On the other hand, Haliburton is tall, which will help him as an effective off-ball point guard. He can shoot off the catch, and possibly off the dribble, his vision is fantastic, and his handle is good enough to attack an opening. He played a very efficient game in college (.631 true shooting), but it did not translate to very many wins for Iowa State this year. That reinforces my impression that he can be a very effective role player, but should not be counted on as the foundation of a team’s success.
Despite his shortcomings, I do have Haliburton as my 7th best prospect. I like betting on players who can shoot, “think” the game, and are big enough to have positional flexibility. As Lonzo Ball has shown in New Orleans this year, those players can be very useful, even if they are too limited to become stars.
8. Kira Lewis
Lewis really came on strong during the second half of the season. He’s a lightning quick point guard who averaged nearly 24 & 7 over the last five games of the season - averages that do not include either a triple double or a 37 point outburst earlier that same month.
A sophomore who is nevertheless one of the youngest players in the draft, the primary issue in Lewis’s game is his weight and its effects on his ability to finish inside. He got to the rim nearly at will, but only shot 58% there - 54% in the halfcourt. He is listed at only 165 pounds and there aren’t very many players who have been effective at that weight. The NBA team that drafts him has to hope that he can gain strength without losing the speed and agility that drives his effectiveness.
The rest of his game is functional but not elite. His shooting is closer to the level of Ja Morant’s than that of Trae Young. He is a good playmaker on defense, but not a great one. His vision is workable, especially for a young point guard, but not prodigious like that of Hayes or Ball. My expectations are that Lewis will become a decent starting point guard with the upside of a player like Tony Parker with whom he shares the ability to slither through a defense.
9. Devin Vassell
Vassell is one of several promising 3&D prospects in the middle of this draft, many of who will probably end up on more successful teams than their more highly touted counterparts. Haliburton is technically the first, but the Florida State guard is a more classic version of the archetype. He can play the 2 or the 3, hit an assisted 3, create havoc on the defensive end, and never turns it over (1.1 turnovers per 40).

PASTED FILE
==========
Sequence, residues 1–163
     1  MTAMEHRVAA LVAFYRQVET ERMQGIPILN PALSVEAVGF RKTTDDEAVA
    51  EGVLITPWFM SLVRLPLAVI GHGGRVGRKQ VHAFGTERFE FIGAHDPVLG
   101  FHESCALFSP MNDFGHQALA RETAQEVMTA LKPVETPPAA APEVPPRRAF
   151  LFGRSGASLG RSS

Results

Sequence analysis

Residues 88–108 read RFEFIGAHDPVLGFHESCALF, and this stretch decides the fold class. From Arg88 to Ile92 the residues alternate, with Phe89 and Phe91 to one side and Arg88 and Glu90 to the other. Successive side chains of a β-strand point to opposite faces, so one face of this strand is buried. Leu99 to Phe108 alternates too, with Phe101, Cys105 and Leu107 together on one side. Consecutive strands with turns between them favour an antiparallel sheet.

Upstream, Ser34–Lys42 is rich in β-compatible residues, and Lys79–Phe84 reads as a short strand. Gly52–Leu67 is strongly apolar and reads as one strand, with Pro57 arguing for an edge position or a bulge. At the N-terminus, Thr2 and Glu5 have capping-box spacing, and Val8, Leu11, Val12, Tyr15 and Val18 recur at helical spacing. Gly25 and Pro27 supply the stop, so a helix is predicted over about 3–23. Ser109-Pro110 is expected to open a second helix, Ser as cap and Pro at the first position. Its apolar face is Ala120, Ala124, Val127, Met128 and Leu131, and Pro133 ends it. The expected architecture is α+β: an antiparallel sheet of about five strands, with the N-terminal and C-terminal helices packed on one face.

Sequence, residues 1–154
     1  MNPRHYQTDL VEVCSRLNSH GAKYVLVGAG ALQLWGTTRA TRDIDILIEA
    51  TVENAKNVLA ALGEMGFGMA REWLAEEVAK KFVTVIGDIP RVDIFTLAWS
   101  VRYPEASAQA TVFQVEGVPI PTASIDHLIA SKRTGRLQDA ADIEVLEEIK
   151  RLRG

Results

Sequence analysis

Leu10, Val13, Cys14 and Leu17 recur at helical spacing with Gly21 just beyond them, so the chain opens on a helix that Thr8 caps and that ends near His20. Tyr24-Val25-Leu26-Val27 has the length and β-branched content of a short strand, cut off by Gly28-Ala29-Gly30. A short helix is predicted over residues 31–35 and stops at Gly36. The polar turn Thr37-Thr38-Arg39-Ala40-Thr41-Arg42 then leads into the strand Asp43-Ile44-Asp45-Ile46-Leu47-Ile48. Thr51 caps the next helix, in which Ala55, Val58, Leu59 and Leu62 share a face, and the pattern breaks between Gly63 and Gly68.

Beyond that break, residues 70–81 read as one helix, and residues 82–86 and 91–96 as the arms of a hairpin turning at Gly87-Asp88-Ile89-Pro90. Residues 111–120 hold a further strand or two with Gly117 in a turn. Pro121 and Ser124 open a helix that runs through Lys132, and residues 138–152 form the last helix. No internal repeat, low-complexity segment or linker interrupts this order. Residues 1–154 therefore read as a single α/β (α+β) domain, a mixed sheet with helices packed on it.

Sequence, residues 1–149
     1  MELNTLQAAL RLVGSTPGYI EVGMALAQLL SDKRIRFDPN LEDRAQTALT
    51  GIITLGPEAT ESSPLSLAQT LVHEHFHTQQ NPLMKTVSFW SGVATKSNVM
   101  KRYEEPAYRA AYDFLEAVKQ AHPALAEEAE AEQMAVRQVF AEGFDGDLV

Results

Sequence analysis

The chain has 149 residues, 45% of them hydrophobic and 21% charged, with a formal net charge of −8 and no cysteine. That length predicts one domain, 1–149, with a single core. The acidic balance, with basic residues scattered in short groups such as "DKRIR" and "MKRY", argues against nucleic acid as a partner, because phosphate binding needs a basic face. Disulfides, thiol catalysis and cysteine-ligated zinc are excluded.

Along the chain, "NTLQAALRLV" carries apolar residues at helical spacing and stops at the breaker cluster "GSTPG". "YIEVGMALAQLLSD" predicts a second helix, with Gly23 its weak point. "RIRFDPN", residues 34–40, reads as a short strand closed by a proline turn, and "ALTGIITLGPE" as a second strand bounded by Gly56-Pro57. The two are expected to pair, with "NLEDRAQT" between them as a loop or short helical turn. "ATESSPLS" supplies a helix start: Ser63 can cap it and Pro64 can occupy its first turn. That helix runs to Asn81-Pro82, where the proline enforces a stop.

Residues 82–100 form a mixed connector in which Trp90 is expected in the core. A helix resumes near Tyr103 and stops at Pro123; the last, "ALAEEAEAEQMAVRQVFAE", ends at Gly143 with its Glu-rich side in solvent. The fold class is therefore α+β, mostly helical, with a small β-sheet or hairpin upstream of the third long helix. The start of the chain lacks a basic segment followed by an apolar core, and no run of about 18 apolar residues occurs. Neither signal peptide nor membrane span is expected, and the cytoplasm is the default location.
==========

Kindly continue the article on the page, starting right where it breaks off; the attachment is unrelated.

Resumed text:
Like Haliburton, Vassell rarely gets to the line. He lacks the former’s vision, instead seeing the court like a typical wing. He’s also pretty limited off the dribble, either kicking back to the perimeter or pulling up for a pretty but ultimately low value mid-range jumper. His three point volume is less than ideal, but it’s possible that’s a function of Florida State’s democratic offense and shoot first initiators. He’s not an elite man to man defender or the strongest player, but he’s good enough against smaller wings and guards while shining off the ball.
Ultimately, Vassell is a 6’6 wing who can defend multiple positions, shoot the three, and play intelligently. That’s just valuable, no matter his other limitations.
10. Saddiq Bey
Bey is a 6’8 combo forward who can shoot (45% from three on high volume), pass, and competently defend. His (lack of) defensive statistics initially gave me pause, but Villanova has had a track record of players outperforming their steal and block rates recently (Donte DiVincenzo, Jalen Brunson, Eric Paschall, even Omari Spellman to an extent).
Bey is not the most physical player and does not flash the smoothest handle, but at the risk of sounding like a broken record, every NBA team needs a combo forward who can shoot a high volume from three. There’s a very real tradeoff between height and skill, and players who can be trusted to make shots and decisions become more valuable at every inch.
Bey’s SMILODON comparables are mostly players who have found niches in the NBA despite mediocre college stats, and he is a better shooter than any similar player in my database. I expect him to become a quality 4th/5th starter, which is a quality find in the late lottery of a weak draft.
Next time: Theo Maldeon, Cole Anthony, Aaron Nesmith, and the best of the rest of the next group of prospects. I will attempt to split hairs between prospects on a similar tier and justify my relative pessimism on Isaac Okoro, Deni Avdija, Tyrese Maxey, and Obi Toppin, all of whom appear in most top tens.
You can find SMILODON for 79 of the top NCAA and international prospects here. The sheet also includes projections for all draftees, and a significant number of undrafted prospects, going back through the 2012 draft. If you missed my initial overview of this draft, you can find it here.
Who do you want the Wolves to draft?